• Place a white tablecloth over the area you intend to work on the puzzle. Those with Alzheimer’s often have trouble with vision, and the added contrast of the tablecloth will help them distinguish the puzzle pieces.

Creating Moments of Care

“Choosing engaging activities is among a caregiver’s top priorities when providing support for a loved one with Alzheimer’s disease,” says Bentley. “Coming up with fun, effective ideas isn’t always easy, especially for busy family members who aren’t aware of the best caregiving techniques and tools.

“If you would like to learn more about great activities to plan for a loved one with memory loss, reach out to the team at Clarity Pointe Pensacola! We’d be happy to share some of the ideas we utilize with residents at our community and help you apply them for your loved one at home.”

Clarity Pointe … Our Difference is Clear

Clarity Pointe™’s Specialized Memory Care “Living” Neighborhoods are truly changing lives for those with Alzheimer’s disease and other dementias – and for those who love them. At Clarity Pointe, our mission is to ensure our residents lead connected and rewarding lives.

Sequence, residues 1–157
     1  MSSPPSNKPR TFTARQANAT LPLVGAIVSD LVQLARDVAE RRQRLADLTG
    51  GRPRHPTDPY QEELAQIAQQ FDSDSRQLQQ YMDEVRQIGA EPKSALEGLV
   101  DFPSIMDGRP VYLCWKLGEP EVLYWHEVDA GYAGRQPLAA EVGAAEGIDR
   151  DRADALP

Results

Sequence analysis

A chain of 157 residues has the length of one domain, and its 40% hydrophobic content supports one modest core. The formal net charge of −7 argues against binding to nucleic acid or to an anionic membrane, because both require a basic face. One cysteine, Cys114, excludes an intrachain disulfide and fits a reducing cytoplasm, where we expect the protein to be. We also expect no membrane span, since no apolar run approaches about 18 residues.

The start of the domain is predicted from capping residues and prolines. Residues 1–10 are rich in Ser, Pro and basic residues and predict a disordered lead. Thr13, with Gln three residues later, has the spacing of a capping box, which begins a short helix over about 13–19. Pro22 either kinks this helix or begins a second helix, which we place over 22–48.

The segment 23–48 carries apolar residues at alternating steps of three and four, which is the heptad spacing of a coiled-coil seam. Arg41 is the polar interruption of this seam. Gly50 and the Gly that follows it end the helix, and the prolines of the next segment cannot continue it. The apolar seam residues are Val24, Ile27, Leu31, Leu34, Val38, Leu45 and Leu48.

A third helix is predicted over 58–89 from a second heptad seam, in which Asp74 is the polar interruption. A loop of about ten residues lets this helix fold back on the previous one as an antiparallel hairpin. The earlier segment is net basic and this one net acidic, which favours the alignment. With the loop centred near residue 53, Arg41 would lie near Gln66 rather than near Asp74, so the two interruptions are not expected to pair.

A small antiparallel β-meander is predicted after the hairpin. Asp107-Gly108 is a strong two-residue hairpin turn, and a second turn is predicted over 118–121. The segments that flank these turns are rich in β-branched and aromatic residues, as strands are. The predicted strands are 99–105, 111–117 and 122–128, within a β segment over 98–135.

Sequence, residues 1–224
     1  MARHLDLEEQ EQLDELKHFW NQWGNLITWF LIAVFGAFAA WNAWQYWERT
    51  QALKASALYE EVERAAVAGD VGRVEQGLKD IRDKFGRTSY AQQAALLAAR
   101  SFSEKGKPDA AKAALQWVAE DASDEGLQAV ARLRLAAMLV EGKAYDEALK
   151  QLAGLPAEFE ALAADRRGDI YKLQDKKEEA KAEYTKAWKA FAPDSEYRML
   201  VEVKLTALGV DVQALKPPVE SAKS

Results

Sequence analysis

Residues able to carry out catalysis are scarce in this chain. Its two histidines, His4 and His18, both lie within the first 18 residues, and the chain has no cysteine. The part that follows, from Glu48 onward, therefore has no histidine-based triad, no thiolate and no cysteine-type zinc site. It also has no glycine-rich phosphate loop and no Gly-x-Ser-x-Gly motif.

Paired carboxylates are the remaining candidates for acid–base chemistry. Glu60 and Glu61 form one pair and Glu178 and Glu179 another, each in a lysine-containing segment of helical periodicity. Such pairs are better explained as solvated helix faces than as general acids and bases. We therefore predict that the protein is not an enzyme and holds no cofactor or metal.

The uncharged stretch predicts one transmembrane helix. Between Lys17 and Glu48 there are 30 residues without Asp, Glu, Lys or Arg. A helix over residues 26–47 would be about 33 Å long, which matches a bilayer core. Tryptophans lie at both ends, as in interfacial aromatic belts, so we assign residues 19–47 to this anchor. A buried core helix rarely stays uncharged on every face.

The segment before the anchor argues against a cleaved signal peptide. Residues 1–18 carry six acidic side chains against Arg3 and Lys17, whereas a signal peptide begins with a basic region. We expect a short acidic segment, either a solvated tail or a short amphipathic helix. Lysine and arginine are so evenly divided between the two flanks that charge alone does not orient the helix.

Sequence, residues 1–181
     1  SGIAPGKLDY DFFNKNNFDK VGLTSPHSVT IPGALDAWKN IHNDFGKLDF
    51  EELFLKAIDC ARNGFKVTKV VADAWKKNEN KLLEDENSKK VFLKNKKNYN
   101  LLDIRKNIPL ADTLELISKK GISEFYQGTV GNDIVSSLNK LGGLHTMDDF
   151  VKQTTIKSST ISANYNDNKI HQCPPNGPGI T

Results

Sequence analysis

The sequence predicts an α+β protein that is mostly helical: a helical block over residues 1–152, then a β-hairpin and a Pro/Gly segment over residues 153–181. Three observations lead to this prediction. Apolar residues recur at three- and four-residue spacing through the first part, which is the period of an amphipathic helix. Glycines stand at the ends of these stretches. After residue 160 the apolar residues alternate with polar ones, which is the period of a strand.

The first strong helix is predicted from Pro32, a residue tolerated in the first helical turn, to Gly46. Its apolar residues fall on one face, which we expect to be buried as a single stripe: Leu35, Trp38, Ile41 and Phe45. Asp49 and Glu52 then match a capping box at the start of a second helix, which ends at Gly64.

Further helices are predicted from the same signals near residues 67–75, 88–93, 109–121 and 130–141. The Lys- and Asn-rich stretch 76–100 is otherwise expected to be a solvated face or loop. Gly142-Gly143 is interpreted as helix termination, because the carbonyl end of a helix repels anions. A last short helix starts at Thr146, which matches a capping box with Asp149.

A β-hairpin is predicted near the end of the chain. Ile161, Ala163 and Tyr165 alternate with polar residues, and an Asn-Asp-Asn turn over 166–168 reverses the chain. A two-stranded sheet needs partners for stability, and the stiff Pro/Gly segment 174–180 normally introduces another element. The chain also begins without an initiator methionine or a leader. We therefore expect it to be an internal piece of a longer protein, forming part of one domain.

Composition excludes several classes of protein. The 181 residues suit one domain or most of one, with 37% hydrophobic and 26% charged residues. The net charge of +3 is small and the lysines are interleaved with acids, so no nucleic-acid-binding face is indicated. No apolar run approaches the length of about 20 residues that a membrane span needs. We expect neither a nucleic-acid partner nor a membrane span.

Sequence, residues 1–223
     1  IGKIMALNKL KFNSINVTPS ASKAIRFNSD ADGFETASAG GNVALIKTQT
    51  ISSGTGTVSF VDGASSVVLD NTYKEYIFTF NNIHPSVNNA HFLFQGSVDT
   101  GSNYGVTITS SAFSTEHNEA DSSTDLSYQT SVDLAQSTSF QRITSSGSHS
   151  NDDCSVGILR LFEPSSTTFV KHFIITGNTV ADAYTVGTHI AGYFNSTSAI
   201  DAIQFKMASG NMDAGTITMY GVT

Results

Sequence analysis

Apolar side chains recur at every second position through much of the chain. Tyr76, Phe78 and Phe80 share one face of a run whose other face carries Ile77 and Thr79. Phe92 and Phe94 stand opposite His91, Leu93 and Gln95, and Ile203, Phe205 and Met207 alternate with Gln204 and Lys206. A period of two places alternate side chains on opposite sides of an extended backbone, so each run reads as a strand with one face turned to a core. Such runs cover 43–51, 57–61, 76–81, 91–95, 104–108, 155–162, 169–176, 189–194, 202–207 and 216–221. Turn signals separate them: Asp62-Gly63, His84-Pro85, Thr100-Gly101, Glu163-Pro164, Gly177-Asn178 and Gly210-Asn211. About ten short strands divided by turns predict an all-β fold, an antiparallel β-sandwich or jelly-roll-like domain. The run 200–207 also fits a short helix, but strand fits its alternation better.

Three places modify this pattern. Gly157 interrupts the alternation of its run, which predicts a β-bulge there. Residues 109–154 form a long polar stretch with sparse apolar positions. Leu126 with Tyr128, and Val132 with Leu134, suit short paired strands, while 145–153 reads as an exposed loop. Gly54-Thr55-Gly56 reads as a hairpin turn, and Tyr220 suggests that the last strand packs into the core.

Unlike other providers that offer a secure memory care wing in a skilled nursing or assisted living center, Clarity Pointe Pensacola offers three free-standing, purpose-built memory care communities that are solely and entirely dedicated to memory care assisted living. Our communities blend luxurious surroundings with specialized care that is individualized to each resident and delivered by a compassionate, expert team of professionals.

We stay current on the latest trends and advancements in Alzheimer’s care and implement them into our residents’ care plans. Always moving forward, we combine the latest in evidence-based programming with luxurious, residential living and compassionate respectful care.

For each of our residents, we offer a life that is engaging, fulfilling, inspiring and meaningful.

To learn more about the Clarity Pointe™ Difference, contact us today!